Anyway, to anyone who got through this final blog post, good luck with whatever comes next!
ps- if you’re interested in reading further about ecological knowledge/nature connection/environmental education, here are some good articles:
The start of October marked the end of the ERUM seed collection for the season! We got a ton of good collections. Our last week out for seed collections, we went to the Lemhi Mountains. It was snowing up there! We still found a small collection of ERUM though! We also collected from an area by Ketchum. Some of the ERUM seeds were frozen together which was pretty crazy. We owe this collection to Marguerite, one of our Forest Service interns who found it on her own!
We went to Reno for surveys and luckily found an ERUM population! Had a great time collecting on a beautiful day!
Fog over the Lemhi Mountains.
My new signature meal became peanut butter and jelly sandwiches. They are so convenient and tasty! The occasional quesadilla is also necessary.
Second to last seed collection trip of the season in Nevada! Found some good collections. We collected from Angel lake area in Nevada. We climbed all the way up to Grey’s peak which is over 10,000 feet elevation! We got a great collection at the very top after an extremely long hike. We started down the mountain just before sunset and had to find our way back in the dark! We had headlamps, so it was okay, but it was quite the crazy adventure!
After finishing the seed collection season, we are now moving onto office work for the last couple weeks. Beth and I are also going to a wilderness first aid training in Bend Oregon in the last week of October! We are going to find out what Bend is doing for Halloween!
September has flown by, and it was my last full month at the RMRS in Boise. It has gone by so fast!
September was busy for the RMRS, yet slow at the same time. We started off the month by checking on the hornworms, and they were progressing beautifully!
I went on a trip to the Ruby Mountains in Nevada for fun with my friend Matt, and we hiked around the area and found some ERUM (despite being off the clock we still checked out the population!)
Ruby MountainsRuby Mountains
After I got back from Nevada, I immediately went back with my Forest Service coworker Bebe. We drove down to Ely to check on 3 ERUM populations, and all 3 were still not seeding! In September, we were not expecting them to still be flowering/developing seeds. The phenology this year was so interesting due to how wet the year has been. So, we decided to stop by Great Basin National Park to look around the area for ERUM while corresponding with our boss back in Boise. We found a gorgeous alpine lake, and hiked around outside the park in search of ERUM.
Teresa Lake GBNPBebe hikingHiking outside of GBNP
When we received a final set of coordinates to go check out, we headed towards the area. We pre-download maps before heading into scouting areas, and normally these maps with satellite imagery are great. Bebe and I were 15+ miles away from a main dirt road, and we were following satellite imagery to get to our location, when we found out that the satellite imagery must be pretty old. We were looking for roads that were completely overgrown with trees and brush, and with the sun quickly setting, we decided to keep trying to find an alternative route out of the area instead of retracing our steps. We struggled for two more hours trying to find real roads, but once we got out back onto the main dirt road, we were so relieved. The sky was dark, with no moon in sight, so the stars were incredible. As we were driving, hundreds of jackrabbits were running across the roads, as well as Kangaroo Rats (a lifelist animal for me to see!!). We got so see some up close, as they were pretty common on the road.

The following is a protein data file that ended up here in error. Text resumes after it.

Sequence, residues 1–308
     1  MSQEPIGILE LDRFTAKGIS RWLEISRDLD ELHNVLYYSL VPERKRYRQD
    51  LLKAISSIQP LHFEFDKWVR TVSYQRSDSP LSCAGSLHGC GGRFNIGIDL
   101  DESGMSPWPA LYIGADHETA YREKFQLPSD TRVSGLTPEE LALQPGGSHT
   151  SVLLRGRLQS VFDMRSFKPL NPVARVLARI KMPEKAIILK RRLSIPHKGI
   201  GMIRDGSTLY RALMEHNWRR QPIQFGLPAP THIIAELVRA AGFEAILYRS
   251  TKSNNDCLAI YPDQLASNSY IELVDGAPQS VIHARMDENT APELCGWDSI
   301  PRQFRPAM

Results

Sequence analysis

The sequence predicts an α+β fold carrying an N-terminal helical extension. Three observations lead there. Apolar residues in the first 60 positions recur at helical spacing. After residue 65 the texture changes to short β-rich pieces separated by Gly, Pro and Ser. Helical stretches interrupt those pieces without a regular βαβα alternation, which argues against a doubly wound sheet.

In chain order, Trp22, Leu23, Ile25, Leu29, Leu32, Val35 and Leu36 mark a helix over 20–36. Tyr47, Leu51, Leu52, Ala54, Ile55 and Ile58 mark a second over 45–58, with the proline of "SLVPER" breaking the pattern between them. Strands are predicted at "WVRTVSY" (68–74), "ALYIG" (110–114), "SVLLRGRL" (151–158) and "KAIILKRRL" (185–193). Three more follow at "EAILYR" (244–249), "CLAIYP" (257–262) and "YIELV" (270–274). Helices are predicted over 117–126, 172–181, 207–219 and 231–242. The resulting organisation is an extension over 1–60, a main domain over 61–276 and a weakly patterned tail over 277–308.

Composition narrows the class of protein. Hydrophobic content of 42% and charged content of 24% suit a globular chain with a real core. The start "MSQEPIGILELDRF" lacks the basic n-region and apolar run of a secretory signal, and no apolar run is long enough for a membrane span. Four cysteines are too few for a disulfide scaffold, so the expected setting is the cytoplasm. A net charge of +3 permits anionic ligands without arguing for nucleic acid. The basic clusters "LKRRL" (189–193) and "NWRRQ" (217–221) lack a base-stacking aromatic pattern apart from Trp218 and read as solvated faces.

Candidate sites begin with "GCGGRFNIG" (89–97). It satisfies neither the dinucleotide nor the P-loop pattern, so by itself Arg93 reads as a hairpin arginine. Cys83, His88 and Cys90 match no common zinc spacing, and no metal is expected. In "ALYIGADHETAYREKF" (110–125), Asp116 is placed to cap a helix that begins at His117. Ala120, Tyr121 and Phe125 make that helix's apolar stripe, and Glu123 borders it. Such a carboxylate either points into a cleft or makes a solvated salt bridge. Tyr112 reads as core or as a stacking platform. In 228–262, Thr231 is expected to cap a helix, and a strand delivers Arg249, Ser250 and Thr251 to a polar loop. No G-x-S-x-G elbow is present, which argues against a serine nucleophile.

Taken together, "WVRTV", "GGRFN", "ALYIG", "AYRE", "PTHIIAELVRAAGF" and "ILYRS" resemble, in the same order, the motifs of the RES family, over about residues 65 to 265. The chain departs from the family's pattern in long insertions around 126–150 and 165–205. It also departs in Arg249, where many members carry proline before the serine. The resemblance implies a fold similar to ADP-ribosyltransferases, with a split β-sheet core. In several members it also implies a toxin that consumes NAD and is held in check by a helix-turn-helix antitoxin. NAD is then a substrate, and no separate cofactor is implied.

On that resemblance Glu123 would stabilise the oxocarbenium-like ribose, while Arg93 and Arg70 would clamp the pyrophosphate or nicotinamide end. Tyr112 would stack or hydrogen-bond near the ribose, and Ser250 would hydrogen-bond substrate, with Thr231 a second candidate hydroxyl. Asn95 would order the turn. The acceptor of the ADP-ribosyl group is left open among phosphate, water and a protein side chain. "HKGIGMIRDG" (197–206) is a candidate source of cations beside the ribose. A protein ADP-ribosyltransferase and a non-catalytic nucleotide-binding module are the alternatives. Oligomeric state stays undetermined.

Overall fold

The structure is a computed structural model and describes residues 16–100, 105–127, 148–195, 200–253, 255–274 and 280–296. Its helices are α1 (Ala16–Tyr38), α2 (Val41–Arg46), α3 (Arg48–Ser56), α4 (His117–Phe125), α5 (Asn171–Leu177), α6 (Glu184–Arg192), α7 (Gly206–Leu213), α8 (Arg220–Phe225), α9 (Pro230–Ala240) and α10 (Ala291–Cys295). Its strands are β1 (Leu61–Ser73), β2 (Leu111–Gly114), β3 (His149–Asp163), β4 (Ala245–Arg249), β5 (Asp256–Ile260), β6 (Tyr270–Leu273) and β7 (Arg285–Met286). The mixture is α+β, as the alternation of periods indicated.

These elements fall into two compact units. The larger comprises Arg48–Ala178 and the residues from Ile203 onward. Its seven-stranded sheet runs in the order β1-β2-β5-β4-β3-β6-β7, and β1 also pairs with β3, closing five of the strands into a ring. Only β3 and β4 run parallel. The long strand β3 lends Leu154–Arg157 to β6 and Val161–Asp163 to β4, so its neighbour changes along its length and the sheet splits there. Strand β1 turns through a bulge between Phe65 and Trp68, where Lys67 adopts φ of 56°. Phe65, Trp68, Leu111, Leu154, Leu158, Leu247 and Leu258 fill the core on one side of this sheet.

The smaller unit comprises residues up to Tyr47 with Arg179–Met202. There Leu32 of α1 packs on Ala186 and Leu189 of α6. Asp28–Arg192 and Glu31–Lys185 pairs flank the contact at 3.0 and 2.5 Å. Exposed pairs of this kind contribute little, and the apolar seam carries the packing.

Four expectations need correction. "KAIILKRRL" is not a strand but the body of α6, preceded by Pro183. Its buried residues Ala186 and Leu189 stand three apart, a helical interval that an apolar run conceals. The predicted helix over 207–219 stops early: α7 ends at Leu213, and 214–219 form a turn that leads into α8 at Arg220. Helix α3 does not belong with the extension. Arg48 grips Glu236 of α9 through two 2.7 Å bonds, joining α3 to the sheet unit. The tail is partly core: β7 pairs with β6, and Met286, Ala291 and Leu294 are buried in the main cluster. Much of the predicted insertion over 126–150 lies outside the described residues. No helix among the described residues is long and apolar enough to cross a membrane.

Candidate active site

Bebe and I racing against daylightSheep-Stop!
Later, I met my friend Matt again in Elko, and we went out looking for plants. We went to Angel Lake, and hiked up a fair ways to check out all of the amazing flora. Nevada has amazing diversity, and the alpine areas are stunning.
Angel Lake little waterfall!Angel Lake
Elric, Marguerite and I then trekked out to Silver City, Idaho in search of ERUM. We were successful early on in our search, which is such a morale booster. We collected our ERUM and got to see a historic small mining town too!
Elric Cheesin’Elric and Marguerite
Then, my time off began. I went to the Oregon Coast with my family, and my brother and I drove separately so we could visit Crater Lake National Park along the way. We accidentally went on what felt like the busiest day of the year there, called Ride the Rim day. Hundreds if not thousands of people come to bike around the entire rim of Crater Lake, which has incredible gain and loss on it. They close off 3/4 of the rim for bicyclists safety, so my brother and I only got to experience the west side of the park. It was still stunning! We decided to go hike to some waterfalls afterwards on the Waterfall Scenic Byway, which heads towards the Oregon Coast.
Crater LakeToketee FallsButterfly friend at the falls
Then, we made it to the coast! It was nice to relax and spend time with my family, as well as see so much flora and fauna! We did another famous Oregon hike called The Trail of Ten Falls, which was absolutely stunning! It’s a seven mile round-trip hike that is worth every step!
Trail of Ten FallsCoast SunsetGrey WhaleLending a stranded starfish a hand!Gorgeous Banana Slug
Then, when we got home my parents surprised us with a puppy! His name is Mac, and he is an adorable addition to the family.